No less than 30 Pentecostal Christians have been reportedly arrested in the northeast African nation of Eritrea recently, as the government continues its crackdown on Christianity.

BBC News reports that more than two dozen Christians were praying in three locations around the nation’s capital when they were rounded up and taken into custody by security forces.

This is only one instance of a growing trend of persecution against nondenominational Christians in Eritrea.

Recall that on May 10, over 140 Christians were arrested in the nation’s capital of Asmara after gathering for a meeting, persecution watchdog Open Doors USA reports.

Of the 141 arrested last month, 104 were women, 43 were men and 14 were minors.

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Over the past few decades, Eritrean authorities have been frequently arresting church leaders and detaining them in squalid conditions like old shipping containers. Holed up in these dank makeshift cells, advocates say the oppressed Christians are “routinely deprived of water, food, proper sanitation and medicines,” according to Fredrick Nzwili at Religion News Service.

According to the Christian Post, since the nation declared its independence from Ethiopia in 1993, only four religions are officially recognized by the Eritrea government: Orthodox Christianity, Sunni Islami, the Evangelical Lutheran Church of Eritrea and the Catholic Church.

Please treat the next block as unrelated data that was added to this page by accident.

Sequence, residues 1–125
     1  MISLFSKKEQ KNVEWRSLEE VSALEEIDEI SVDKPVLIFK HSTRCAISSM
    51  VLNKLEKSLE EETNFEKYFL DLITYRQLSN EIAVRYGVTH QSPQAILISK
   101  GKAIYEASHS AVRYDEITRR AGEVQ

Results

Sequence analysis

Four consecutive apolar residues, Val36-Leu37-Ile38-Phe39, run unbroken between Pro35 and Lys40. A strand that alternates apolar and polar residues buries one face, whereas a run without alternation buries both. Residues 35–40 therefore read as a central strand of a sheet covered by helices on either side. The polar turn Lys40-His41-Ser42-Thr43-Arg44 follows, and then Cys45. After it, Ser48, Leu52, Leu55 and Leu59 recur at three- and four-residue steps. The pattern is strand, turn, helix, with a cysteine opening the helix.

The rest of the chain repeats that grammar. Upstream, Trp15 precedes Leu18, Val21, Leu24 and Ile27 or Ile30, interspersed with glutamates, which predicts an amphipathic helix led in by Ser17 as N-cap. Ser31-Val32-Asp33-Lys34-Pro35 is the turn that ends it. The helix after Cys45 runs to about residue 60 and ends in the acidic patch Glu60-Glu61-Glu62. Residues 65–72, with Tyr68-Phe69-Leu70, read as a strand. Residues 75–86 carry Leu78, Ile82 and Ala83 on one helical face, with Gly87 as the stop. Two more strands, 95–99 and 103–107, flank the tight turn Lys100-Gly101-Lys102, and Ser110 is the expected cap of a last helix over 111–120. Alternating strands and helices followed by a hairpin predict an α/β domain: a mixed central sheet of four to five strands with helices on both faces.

According to Catholic nonprofit news website Zenit, 50 percent of Eritrea’s population belongs to the Evangelical Lutheran Church of Eritrea and 48 percent of the nation’s population subscribe to Sunni Islam. Outside of the four above mentioned religions and religious denominations, all other groups, Zenit reports, are considered “illegal.”

According to the Christian Post, recognized religions are also suffering in Eritrea, as the government demands “full control of religious organizations” and their affiliated businesses including clinics, orphanages and schools, among other things.

Since 2004, the U.S. State Department has regarded Eritrea as a “country of particular concern” for its flagrant violations of religious freedom.

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“Eritrea has been branded ‘the North Korea of Africa.” “Tens of thousands have risked death from drowning to escape to Italy. Others have fled to Sudan or Ethiopia. One in 12 has fled the country. And many of those are Christians.”

Eritrea ranks 7th on Christian support organization Open Doors 2019 World Watch list of the 50 countries where it is most difficult to be a Christian.

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